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Letter to the Editor: Too Many Changes Motivated by Business

I became a regular summer visitor to Door County beginning in 1959. Since 1991, my wife and I have made the peninsula our year-around home. My wife’s first visit to the area was with her family in 1939. Over the years, we have observed many changes in the fabric of the county, especially those that occurred in Sturgeon Bay, the gateway city.

We followed the gradual degradation of some of the city’s greatest assets, which we perceive as open views of the water and waterfront. First a huge restaurant building was permitted along the water on the west side, blocking views of the water and waterfront. Then a monolithic hotel complex was allowed to be built across the bay, limiting shoreline access and obscuring an open view of the water from the east side of the city.

We followed the indecisive actions of the city as regards traffic flow downtown, and perceived an apparent reluctance to embrace tourism as the engine of business in the community. Although business growth is important, it appeared to us that self-serving business interests usually won out over enhancing the city’s viewscape, sustained efforts to make it a tourism showpiece, and creating people-friendly parks.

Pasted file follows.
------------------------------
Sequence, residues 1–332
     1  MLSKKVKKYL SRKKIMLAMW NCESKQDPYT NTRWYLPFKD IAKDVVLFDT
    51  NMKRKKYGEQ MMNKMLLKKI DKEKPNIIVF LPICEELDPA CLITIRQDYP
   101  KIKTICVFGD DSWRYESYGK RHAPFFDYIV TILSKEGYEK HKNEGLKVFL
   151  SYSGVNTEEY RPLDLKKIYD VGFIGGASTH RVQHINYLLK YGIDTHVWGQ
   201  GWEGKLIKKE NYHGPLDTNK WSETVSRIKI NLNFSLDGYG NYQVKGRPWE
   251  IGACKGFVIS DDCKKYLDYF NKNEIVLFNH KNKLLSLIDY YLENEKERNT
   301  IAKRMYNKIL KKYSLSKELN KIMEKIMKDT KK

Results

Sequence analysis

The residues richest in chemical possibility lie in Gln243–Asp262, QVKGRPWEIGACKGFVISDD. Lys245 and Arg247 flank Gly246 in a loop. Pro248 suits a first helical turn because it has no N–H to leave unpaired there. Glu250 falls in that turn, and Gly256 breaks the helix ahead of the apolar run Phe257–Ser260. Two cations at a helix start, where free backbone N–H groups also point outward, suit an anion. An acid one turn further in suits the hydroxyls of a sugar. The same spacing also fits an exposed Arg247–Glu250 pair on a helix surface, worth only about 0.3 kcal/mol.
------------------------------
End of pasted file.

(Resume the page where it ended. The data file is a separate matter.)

A case in point is the effort of business interests to force the establishment of a large hotel complex on the west side along the waterfront. Another proposal would move Selvick’s tugs away from the Maritime Museum area, apparently ignoring that these tugs help establish the city’s identity and are modern day icons of the city’s past. In my opinion, too many changes in Sturgeon Bay have been driven by the belief of some influential “leaders” that the city is all about business first and the public good second.

As regards developments on the west side, my feeling is that creative reuse of the granary building and establishing a waterfront park are much more desirable than another hotel on the site, especially when existing lodging establishments have trouble filling their rooms. That old granary, like it or not, is a monument to Sturgeon Bay’s past. It should remain part of its future.

The city has a great opportunity to invest, on behalf of the people, in development that emphasizes public greenspace and open views of the water for tourists and residents to enjoy. I hope the day comes when Sturgeon Bay pays more attention to creative people lobbying for public use of property rather than the handful of people who always think they know best when it comes to economic issues.

 

Paul Burton

Ephraim, Wis.

 

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